Urbana to make decision on storm water study

The decision on whether to approve the storm water utility feasibility study has yet to be voted on by the Urbana City Council.

This study, which is conducted by the city’s public works staff, is aimed to create a better management system for dealing with storm water after it rains.

According to its memorandum, the study will assess what the program needs, how much funding this project requires and how to generate the appropriate amount of funding. The paperwork outlining the ideas for this project is being presented to the city council before the study can actually take place.

The memorandum states that the study of the storm water runoff will estimate between $100,000 to $115,000, while the implementation of the plan will cost between $65,000 to $85,000. The funding for the study will most likely come from the sewer benefit tax fund.

“The basic idea is that the storm water drain system is a pretty big investment,” said David Gehrig, Ward 2. “We have to face the fact that some of this stuff is getting to be 50 years old. We need to start planning for the kind of maintenance that we are going to end up needing.”

The study would take about two years to complete, he said. The feasibility study itself should begin within the next six months, but it is not yet settled.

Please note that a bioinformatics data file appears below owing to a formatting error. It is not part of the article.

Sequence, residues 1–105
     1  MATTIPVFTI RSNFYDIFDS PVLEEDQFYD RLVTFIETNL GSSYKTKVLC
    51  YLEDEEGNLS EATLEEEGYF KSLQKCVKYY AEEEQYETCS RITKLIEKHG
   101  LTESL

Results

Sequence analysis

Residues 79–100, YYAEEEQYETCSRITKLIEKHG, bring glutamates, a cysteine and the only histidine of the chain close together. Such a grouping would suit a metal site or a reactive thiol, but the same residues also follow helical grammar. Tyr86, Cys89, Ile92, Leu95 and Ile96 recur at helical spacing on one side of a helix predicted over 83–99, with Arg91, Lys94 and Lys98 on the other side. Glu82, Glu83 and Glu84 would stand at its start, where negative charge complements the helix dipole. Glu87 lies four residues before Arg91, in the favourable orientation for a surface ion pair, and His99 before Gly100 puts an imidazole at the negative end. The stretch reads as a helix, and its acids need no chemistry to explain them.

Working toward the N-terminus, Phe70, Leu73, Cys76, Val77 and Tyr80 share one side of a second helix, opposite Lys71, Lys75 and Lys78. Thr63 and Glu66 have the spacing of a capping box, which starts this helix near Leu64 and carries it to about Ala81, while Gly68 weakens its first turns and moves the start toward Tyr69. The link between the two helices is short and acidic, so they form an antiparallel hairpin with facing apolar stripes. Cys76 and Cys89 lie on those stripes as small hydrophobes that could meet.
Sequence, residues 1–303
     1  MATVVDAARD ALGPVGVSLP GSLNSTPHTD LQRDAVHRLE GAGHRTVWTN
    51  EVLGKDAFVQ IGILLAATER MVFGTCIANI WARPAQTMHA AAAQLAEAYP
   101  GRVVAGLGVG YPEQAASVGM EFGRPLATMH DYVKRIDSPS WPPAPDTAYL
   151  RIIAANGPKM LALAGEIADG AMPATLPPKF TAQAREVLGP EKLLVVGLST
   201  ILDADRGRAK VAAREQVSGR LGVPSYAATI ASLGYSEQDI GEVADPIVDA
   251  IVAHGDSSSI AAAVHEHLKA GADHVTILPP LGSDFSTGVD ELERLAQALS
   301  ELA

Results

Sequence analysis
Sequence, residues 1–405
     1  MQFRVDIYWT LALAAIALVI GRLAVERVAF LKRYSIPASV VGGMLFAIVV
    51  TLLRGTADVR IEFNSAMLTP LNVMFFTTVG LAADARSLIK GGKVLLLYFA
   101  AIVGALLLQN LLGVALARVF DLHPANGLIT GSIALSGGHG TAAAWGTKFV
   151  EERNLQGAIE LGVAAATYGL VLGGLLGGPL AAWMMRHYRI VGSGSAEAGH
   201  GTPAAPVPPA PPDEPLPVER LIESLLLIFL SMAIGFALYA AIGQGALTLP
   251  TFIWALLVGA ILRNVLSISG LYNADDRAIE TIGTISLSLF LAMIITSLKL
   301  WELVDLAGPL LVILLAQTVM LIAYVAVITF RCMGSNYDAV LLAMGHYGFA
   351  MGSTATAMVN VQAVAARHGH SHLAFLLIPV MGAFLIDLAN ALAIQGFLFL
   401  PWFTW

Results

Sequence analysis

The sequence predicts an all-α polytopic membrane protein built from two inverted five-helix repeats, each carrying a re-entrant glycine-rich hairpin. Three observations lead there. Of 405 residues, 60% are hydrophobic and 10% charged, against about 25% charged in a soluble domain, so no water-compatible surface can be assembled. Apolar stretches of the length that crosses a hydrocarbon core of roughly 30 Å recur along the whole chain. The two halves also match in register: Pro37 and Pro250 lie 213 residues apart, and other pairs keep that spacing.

“It’s a way of gaining revenue and improving the overall sustainability of the community,” said Robert Lewis, Ward 3.

Lewis said he thinks that this management project will be funded through a tax for Urbana residents based on how much storm water runoff each house generates. A factory with a big parking lot that creates a significant amount of storm water runoff will attain a higher tax since there is a lack of green space.

Diane Marlin, Ward 7, said that she agrees that the city needs a “dedicated source of revenue” to fund this project. She also added that this proposed plan would be beneficial for Urbana and its residents.

“The streets aren’t free, and what’s under them isn’t free either,” she said. “It makes sense that people who benefit from the service help pay for it.”